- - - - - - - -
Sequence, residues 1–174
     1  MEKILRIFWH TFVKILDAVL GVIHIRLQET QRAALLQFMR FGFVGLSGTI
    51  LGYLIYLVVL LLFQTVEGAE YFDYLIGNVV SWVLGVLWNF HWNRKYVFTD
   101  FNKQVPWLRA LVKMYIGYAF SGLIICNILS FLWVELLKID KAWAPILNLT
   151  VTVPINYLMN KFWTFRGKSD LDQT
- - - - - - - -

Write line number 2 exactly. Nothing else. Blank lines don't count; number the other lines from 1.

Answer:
     1  MEKILRIFWH TFVKILDAVL GVIHIRLQET QRAALLQFMR FGFVGLSGTI